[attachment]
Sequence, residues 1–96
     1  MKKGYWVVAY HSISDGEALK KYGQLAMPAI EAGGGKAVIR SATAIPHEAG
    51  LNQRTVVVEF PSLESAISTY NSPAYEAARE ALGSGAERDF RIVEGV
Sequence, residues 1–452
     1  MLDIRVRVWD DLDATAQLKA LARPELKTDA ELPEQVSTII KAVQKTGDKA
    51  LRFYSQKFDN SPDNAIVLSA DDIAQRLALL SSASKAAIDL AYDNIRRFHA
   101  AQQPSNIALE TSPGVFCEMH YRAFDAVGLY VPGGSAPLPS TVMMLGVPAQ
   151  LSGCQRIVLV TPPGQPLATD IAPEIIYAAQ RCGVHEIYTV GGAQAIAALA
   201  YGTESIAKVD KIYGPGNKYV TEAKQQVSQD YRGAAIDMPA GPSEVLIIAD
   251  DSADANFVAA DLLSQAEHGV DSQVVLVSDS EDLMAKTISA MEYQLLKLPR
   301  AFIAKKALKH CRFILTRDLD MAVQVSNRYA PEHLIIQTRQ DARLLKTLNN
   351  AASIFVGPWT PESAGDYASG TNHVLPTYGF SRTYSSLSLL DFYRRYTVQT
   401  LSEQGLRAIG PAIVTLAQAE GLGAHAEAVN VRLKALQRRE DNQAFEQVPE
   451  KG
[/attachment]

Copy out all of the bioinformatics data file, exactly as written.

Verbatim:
Sequence, residues 1–96
     1  MKKGYWVVAY HSISDGEALK KYGQLAMPAI EAGGGKAVIR SATAIPHEAG
    51  LNQRTVVVEF PSLESAISTY NSPAYEAARE ALGSGAERDF RIVEGV
Sequence, residues 1–452
     1  MLDIRVRVWD DLDATAQLKA LARPELKTDA ELPEQVSTII KAVQKTGDKA
    51  LRFYSQKFDN SPDNAIVLSA DDIAQRLALL SSASKAAIDL AYDNIRRFHA
   101  AQQPSNIALE TSPGVFCEMH YRAFDAVGLY VPGGSAPLPS TVMMLGVPAQ
   151  LSGCQRIVLV TPPGQPLATD IAPEIIYAAQ RCGVHEIYTV GGAQAIAALA
   201  YGTESIAKVD KIYGPGNKYV TEAKQQVSQD YRGAAIDMPA GPSEVLIIAD
   251  DSADANFVAA DLLSQAEHGV DSQVVLVSDS EDLMAKTISA MEYQLLKLPR
   301  AFIAKKALKH CRFILTRDLD MAVQVSNRYA PEHLIIQTRQ DARLLKTLNN
   351  AASIFVGPWT PESAGDYASG TNHVLPTYGF SRTYSSLSLL DFYRRYTVQT
   401  LSEQGLRAIG PAIVTLAQAE GLGAHAEAVN VRLKALQRRE DNQAFEQVPE
   451  KG